3. The Bible gives us a beautiful picture of the beginning and end of the human story in Genesis 1:26-31 and Revelation 7:9-17. What stands out to you in these verses and gives you hope about the beginning and the end of our story?
  4. Read Luke 10:25-37. There is a poignant reason that the story is called “The Good Samaritan” rather than “The Good Person.” How is this story a challenge for us today? Can you think of a modern-day example?
  5. Why do you think it is so hard for us to open our hands when it comes to the conversation on racism? What do we miss by keeping our fists clenched?
  6. What will you do to stay engaged and open to challenges throughout this study? What specific commitment will you make to your group today?


Review the outline for the video teaching and any notes you took. In the space below, write down your most significant takeaway from this session.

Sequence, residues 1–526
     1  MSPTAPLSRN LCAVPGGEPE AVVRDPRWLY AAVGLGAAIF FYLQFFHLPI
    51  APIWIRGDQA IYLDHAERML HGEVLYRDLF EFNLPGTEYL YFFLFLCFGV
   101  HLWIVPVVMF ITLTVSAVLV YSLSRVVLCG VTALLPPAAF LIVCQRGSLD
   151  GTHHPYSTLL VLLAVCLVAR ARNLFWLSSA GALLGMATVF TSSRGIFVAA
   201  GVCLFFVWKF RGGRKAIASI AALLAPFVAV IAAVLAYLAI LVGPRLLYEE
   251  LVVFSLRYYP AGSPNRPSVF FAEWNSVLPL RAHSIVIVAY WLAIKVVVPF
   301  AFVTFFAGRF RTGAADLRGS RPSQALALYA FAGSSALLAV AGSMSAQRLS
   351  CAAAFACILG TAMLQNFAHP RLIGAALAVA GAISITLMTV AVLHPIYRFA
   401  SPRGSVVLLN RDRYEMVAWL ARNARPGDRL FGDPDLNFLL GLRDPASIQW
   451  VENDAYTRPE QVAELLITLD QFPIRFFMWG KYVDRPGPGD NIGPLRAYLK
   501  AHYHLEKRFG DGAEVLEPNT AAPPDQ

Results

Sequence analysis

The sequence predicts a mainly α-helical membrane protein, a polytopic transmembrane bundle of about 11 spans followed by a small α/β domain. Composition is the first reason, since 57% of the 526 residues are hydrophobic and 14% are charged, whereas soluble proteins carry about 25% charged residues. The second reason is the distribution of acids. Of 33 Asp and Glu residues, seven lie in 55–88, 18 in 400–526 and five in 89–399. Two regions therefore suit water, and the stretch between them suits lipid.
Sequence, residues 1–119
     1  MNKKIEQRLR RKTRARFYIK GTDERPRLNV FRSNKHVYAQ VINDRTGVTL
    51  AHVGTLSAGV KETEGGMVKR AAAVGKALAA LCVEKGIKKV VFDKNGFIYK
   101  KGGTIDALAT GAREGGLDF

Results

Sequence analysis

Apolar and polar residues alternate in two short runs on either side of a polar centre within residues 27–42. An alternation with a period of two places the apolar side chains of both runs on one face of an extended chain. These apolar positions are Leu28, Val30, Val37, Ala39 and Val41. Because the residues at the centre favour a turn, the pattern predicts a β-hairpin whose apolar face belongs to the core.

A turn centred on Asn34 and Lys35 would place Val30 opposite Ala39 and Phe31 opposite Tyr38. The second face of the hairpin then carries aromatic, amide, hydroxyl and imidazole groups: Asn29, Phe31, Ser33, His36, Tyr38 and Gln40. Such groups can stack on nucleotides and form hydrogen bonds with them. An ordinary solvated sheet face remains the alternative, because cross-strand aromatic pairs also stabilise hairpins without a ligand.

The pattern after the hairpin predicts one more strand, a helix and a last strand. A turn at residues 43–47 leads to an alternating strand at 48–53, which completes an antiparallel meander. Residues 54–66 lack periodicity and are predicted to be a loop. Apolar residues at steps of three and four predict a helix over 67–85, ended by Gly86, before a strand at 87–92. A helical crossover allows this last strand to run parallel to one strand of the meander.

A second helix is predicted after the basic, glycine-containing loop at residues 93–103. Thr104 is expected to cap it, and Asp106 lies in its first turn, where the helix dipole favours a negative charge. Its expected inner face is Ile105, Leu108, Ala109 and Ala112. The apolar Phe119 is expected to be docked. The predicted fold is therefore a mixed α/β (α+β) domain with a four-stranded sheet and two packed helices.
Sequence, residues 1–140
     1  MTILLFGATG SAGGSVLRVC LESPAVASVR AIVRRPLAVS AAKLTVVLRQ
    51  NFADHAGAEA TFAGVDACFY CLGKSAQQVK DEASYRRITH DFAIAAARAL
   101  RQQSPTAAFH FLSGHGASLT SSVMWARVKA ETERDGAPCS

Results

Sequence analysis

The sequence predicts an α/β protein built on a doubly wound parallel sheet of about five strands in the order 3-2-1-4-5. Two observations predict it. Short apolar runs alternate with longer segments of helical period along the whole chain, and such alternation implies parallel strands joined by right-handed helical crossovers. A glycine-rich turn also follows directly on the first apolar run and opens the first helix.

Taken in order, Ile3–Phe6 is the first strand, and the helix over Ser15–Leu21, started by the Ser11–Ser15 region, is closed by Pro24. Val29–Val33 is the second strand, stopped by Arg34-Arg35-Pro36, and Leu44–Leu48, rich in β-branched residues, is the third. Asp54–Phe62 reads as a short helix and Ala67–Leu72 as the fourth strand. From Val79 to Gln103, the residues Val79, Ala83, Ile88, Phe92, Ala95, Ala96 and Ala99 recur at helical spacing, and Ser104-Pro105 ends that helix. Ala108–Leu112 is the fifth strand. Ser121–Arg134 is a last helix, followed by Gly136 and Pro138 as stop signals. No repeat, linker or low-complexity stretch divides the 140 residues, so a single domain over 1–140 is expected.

One of the most important things you can do together in community is to pray for each other. This is not simply a closing prayer to end your group time but a portion of time to share prayer requests, review how God has answered past prayers, and actually pray for one another. As you close your time together this week, thank God for creating every tribe and nation in his image and for loving all of us as his children. Ask him to search your heart and give you that kind of love toward others, especially when they look different than you. And ask God to help you keep an open mind and open hands regarding this conversation on God and race over the next few sessions. Use the space below to record prayer requests and praises.

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Your Turn

Come share your thoughts on God and Race. We want to hear from you about moving from racism and loving one another.